What Is Tissue Donation?
Most people are aware that hundreds of lives are saved every year by donated organs, such as hearts and kidneys. They may not realise that donated tissues such as skin, bone and heart valves can dramatically improve the quality of life for others and even save them. As many as 50 people can be helped by the donation from one person.
Which tissues can be donated?
Many kinds of tissues can be donated after death:
Eyes can help restore sight to people with cornea problems (the clear part of the eye). This may be as a result of damage caused by eye disease or injury, or defects from birth, and the white part of the eye (the sclera) can be used in operations to rebuild the eye.
Heart valves can be transplanted to save the lives of children born with heart defects and adults with damaged heart valves.
Skin can be used as a natural dressing, helping treat people with serious burns. This can save the lives by stopping infections, can help reduce scarring and reduces pain.
Bone is important for people receiving artificial joint replacements, or replacing bone that has been removed due to illness or injury. It helps reduce pain and improve mobility.
Tendons the elastic-like cords that attach bones and muscles to each other can be donated to help rebuild damaged joints, which helps people move more easily.
Can you choose which tissues to donate?
Yes. Only those tissues for which you have been given permission will be donated.
Can anyone become a tissue donor?
Almost anyone can be considered as a tissue donor, however, there are some rare exemptions. To ensure that all donated tissues are safe, the donor’s medical and lifestyle history is assessed similar to blood donors, to protect the person receiving the tissue from infection.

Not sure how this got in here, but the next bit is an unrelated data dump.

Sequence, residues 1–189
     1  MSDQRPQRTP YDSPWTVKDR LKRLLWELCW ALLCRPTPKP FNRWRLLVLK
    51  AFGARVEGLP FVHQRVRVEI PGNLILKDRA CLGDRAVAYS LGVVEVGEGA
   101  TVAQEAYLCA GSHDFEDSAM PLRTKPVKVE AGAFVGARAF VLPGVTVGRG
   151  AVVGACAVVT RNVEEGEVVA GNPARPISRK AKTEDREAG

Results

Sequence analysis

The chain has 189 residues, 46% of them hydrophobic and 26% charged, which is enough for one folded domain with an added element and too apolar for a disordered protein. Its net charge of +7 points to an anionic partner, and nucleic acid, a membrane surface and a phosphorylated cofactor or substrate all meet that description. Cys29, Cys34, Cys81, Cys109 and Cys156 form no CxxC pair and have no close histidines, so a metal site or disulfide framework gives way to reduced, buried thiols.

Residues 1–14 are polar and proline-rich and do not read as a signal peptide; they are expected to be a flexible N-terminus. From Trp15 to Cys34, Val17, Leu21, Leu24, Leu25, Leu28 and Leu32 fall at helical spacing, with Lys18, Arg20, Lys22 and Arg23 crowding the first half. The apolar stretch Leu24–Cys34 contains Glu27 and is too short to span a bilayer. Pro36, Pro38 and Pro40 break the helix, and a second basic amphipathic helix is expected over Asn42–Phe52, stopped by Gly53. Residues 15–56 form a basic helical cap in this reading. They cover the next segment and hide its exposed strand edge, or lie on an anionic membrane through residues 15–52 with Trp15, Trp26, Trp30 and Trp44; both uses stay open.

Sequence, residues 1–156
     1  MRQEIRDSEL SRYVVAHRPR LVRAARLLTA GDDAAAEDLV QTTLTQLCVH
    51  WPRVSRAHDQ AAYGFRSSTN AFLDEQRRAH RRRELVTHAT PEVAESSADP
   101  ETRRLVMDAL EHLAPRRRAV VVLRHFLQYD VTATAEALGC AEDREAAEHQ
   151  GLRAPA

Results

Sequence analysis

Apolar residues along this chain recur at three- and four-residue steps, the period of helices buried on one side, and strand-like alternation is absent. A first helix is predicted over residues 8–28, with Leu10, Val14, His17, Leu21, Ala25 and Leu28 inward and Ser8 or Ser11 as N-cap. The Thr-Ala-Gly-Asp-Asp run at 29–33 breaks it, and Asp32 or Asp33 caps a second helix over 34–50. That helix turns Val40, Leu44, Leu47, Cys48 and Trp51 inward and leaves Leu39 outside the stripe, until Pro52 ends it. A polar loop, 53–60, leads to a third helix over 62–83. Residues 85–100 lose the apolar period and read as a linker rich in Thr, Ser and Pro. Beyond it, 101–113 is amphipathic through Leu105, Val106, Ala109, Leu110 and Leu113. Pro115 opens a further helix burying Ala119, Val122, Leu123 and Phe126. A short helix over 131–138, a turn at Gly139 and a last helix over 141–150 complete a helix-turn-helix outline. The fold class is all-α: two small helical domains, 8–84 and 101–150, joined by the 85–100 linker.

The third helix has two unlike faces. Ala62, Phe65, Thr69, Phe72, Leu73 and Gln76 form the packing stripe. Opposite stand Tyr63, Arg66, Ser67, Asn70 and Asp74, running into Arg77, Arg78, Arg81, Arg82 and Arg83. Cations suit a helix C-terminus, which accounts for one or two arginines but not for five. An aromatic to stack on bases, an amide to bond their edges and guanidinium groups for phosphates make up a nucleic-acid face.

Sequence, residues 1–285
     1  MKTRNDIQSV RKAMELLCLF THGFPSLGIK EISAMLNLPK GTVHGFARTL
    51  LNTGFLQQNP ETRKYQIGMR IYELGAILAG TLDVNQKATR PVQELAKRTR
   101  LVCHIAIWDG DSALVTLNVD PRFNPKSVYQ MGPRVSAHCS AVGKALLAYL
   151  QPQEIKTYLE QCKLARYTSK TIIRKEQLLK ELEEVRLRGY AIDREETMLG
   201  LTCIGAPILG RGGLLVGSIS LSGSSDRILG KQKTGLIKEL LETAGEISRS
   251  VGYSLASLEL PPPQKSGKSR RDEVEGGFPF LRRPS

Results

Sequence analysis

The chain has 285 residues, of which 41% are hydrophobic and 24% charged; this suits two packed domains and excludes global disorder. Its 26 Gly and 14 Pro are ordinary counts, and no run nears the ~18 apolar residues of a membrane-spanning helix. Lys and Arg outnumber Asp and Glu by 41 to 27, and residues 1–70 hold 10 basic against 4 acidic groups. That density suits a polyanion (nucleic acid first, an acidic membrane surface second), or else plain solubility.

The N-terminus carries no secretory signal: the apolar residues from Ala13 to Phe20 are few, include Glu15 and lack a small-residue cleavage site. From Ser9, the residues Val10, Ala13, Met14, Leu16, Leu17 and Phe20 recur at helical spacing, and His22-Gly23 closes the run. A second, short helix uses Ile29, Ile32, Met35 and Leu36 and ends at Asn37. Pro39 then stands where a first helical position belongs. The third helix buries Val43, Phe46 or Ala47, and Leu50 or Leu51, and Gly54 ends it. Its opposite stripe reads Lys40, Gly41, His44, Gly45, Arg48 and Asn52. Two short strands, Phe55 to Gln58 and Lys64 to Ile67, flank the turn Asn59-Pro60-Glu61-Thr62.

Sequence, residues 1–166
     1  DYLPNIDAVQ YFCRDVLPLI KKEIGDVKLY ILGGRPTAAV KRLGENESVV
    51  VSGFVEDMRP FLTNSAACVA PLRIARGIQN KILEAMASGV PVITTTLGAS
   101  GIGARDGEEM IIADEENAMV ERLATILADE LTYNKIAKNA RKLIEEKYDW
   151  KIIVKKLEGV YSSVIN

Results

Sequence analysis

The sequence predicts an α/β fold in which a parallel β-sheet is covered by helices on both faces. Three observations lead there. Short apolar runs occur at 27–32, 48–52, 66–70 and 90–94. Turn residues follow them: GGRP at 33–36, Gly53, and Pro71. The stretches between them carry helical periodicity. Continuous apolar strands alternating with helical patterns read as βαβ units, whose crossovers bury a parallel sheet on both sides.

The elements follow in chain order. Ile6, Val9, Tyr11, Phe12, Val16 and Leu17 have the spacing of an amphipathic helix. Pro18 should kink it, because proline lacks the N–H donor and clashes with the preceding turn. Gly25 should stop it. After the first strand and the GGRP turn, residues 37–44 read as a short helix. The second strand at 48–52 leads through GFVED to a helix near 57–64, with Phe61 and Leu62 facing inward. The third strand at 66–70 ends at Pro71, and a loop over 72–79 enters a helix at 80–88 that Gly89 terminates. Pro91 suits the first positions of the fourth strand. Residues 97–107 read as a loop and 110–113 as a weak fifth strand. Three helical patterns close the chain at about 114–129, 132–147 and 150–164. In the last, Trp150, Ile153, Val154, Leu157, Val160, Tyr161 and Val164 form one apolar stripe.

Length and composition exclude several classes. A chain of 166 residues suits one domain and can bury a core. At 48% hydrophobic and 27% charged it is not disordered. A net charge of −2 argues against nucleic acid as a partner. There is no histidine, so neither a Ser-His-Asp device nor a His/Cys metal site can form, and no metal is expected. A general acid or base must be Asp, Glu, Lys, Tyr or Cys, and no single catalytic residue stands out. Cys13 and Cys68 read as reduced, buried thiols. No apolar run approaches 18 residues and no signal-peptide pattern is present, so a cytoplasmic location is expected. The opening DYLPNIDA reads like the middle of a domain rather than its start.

How long after death can tissue be donated?
The best time is within 24 hours after someone has died. However, sometimes it is possible to donate up to 48 hours after death.
Can you tell if a patient has been a tissue donor?
Throughout the donation process, the donor is treated with respect and dignity. After donation, the specialist nursing team will ensure that the donor maintains a natural appearance. Of course you may see your loved one after they have donated and before they are laid to rest if you wish.
Will tissue donation interfere with funeral arrangements?
Donation will not delay any funeral arrangements.
After donation will we receive any information?
Yes, with permission an NHSBT specialist nurse will write a thank you letter and provide information about the donation and contact details. Tissue donation is entirely voluntary and dependent on the generosity of patients and their families.
How to register
Registering to be a tissue donor is quick and easy. To be a donor after your death, you simply need to join the organ donor register and tell your closest family and friends about your decision.
You can join online at nhsbt.nhs.uk/tissuedonation
Or call 0300123 23 23
For further information please visit nhsbt.nhs.uk/tissuedonation
If you would like to discuss tissue donation in more detail, you can contact a Nurse from the National Referral Centre on: 0800 432 0559 (freephone)